PipeChat Digest #2612 - Sunday, December 30, 2001
 
Re: Liverpool Shocking Facts
  by "Bob Elms" <elmsr@albanyis.com.au>
Re: Used Pipe Organs
  by "Bob Elms" <elmsr@albanyis.com.au>
Re: Packer Chapel
  by "John L. Speller" <jlspeller@mindspring.com>
Re: Used Pipe Organs
  by "John L. Speller" <jlspeller@mindspring.com>
Re: Used Pipe Organs
  by "jch" <opus1100@catoe.org>
Re: Used Pipe Organs
  by <quilisma@socal.rr.com>
Re: Used Pipe Organs
  by "Malcolm Wechsler" <manderusa@earthlink.net>
Malcolm's 24 degree service
  by <TubaMagna@aol.com>
Frigid Digits
  by <Wurlibird1@aol.com>
Re: Frigid Digits
  by "Malcolm Wechsler" <manderusa@earthlink.net>
Shocking Facts
  by "Antoni Scott" <ascott@epix.net>
Re: Shocking Facts
  by "John L. Speller" <jlspeller@mindspring.com>
Re: Liverpool Anglican Cathedral
  by <RonSeverin@aol.com>
RE: Packer Chapel
  by "Glenda" <gksjd85@access.aic-fl.com>
Re: Liverpool Anglican Cathedral
  by <RonSeverin@aol.com>
Re: Shocking Facts
  by "youngstown fireapp" <yfd4@hotmail.com>
A peaceful day in hell - Christmas 1A
  by "Glenda" <gksjd85@access.aic-fl.com>
Re: Liverpool Shocking Facts
  by <Cremona502@cs.com>
Liverpool Anglican Cathedral prepared-for divisions
  by <quilisma@socal.rr.com>
Re: Liverpool Anglican Cathedral prepared-for divisions
  by "youngstown fireapp" <yfd4@hotmail.com>
 

(back) Subject: Re: Liverpool Shocking Facts From: "Bob Elms" <elmsr@albanyis.com.au> Date: Sun, 30 Dec 2001 04:19:57 -0800   Relax Sebastian, I have been poring over the stoplist of Liverpool Cathedral since I was knee high to a grasshopper and that is a long time ago. It was then the largest in the world till surpassed by Hamburg (Or was it after Hamburg? I forget). Now with the Military Trumpet it must be mindblowing. But that doesn't stop me dreaming. Relax! We can be too narrow in our views.Why restrict discussion? Oh yes! They are organs but not pipe organs. My dictionary gives one definition of "organ" as "keyboard instrument that gives a similar effect (to a pipe organ)". Bob Elms.   TubaMagna@aol.com wrote: > Dear Pipechatters: > The Willis organ, in its evolved form, still represents a = significant monument in Western musical history, from the extraordinary = scales that had to be developed when dealing with a room of such vast = proportions, to the famous Grand Chorus and its controvesial = recomposition, to its mere survival over the decades, to its tonal design = -- past, present, and as originally intended. The planned-for sections = of the original design are a long discussion in and of themselves. > So why do we have DOZENS of postings with a Liverpool heading that = have NOTHING to do with this organ? Here we have an opportunity to = discuss, learn, and examine one of the great technological and musical = achievements of the last hundred years, and we're talking about devices = that aren't even organs. > Let's not lose opportunities here... > > Sebastian Matthaus Gluck > New York City >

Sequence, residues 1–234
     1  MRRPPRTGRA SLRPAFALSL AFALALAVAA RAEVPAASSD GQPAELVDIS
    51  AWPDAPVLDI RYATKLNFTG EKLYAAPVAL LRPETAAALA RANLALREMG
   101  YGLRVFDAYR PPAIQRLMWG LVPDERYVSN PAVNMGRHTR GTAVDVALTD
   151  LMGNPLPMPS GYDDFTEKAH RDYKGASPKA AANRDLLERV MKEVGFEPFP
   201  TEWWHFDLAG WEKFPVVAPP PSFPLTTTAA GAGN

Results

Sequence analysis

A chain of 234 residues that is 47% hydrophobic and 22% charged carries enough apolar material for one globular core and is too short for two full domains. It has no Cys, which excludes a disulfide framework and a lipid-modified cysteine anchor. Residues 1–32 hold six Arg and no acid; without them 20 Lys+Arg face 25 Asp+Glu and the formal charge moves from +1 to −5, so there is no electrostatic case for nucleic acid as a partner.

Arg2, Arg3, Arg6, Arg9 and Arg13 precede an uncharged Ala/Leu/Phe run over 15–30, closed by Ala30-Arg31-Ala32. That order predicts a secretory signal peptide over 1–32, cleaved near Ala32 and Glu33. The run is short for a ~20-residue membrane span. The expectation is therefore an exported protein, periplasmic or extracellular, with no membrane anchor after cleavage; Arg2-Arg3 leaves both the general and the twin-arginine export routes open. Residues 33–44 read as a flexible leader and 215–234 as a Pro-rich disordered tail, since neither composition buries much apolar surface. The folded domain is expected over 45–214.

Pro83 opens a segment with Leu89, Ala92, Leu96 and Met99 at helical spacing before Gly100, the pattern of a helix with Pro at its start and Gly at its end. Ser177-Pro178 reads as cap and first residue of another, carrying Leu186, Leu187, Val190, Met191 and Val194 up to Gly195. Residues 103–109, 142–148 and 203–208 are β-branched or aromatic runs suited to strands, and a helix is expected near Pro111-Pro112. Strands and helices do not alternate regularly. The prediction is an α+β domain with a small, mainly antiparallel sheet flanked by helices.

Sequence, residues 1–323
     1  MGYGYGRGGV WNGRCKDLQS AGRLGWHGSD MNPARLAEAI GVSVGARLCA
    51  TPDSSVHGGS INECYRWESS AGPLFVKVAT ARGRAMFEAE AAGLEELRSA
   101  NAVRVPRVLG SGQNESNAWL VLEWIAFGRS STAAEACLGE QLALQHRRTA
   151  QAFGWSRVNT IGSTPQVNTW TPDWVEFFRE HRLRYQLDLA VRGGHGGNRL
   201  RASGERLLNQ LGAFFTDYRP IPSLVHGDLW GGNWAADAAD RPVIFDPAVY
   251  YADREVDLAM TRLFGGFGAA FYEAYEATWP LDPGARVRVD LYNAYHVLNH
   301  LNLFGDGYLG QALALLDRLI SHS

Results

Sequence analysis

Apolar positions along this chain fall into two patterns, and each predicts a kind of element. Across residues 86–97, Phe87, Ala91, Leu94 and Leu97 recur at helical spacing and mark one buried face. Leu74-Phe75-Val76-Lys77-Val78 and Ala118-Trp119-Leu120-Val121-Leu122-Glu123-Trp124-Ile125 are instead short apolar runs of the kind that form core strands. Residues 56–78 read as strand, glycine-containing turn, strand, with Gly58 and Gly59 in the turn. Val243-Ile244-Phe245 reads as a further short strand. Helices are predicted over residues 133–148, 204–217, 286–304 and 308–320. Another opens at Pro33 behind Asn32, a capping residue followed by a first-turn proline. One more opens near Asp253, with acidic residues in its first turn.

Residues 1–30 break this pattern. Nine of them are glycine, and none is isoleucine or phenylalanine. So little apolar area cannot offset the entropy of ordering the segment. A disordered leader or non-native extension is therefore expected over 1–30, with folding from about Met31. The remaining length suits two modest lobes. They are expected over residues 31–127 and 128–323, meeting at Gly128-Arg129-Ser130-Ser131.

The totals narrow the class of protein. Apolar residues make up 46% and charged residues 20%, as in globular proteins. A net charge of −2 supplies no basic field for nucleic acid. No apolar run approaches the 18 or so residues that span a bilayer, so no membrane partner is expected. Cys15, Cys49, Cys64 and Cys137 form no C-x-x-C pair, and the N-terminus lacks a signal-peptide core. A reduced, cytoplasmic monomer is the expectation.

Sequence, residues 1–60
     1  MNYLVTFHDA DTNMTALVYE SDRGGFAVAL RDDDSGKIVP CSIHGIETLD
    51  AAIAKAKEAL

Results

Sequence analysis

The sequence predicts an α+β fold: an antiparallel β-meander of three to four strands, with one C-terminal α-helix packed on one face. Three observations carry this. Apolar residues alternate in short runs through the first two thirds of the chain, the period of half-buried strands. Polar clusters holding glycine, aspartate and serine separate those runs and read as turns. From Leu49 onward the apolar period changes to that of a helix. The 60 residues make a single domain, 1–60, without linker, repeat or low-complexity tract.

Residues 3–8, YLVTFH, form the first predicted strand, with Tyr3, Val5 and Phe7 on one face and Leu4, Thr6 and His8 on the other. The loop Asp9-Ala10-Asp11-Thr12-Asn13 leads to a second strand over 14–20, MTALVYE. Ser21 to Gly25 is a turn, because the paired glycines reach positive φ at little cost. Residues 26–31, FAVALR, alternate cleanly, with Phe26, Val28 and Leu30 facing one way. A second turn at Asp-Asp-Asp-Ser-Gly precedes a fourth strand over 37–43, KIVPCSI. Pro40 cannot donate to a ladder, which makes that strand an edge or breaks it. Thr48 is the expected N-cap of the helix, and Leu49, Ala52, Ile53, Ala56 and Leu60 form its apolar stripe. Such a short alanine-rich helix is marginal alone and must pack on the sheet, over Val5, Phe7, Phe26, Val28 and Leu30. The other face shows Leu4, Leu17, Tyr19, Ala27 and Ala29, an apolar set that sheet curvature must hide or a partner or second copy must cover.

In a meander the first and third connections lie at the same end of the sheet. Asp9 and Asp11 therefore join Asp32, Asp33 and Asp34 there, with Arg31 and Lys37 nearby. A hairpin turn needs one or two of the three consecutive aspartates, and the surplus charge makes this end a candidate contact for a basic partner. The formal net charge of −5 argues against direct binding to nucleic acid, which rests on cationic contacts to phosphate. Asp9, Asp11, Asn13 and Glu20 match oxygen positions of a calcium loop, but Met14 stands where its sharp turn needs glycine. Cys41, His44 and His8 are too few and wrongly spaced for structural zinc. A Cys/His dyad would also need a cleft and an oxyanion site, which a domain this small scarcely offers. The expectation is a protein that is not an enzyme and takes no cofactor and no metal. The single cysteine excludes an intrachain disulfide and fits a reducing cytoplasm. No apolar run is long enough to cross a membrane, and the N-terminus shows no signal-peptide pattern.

(back) Subject: Re: Used Pipe Organs From: "Bob Elms" <elmsr@albanyis.com.au> Date: Sun, 30 Dec 2001 04:26:10 -0800   I think Jim has a point there. A number of ex-UK pipe organs have been transplanted to my state, quite successfully. However many of our churches have not the floor space since most of these are Victorian era tracker instruments which occupy a lot of space, and ceiling height. Many of the new organs built here in the last 50 years are small extension organs and have had to be bracketted to a wall with a small console on the floor in the most convenient spot. You have to be in the situation to appreciate this. It is useless guessing from a long distance away.You ay get the wrong picture.   Wurlibird1@aol.com wrote: > > Greetings to all, > > A recent comment about <used> pipe organs as alternatives to new = digitals gives rise to concern. This suggestion may in some cases be a = viable alternative. It can equally lead to considerable disappointment = if mismatch occurs. >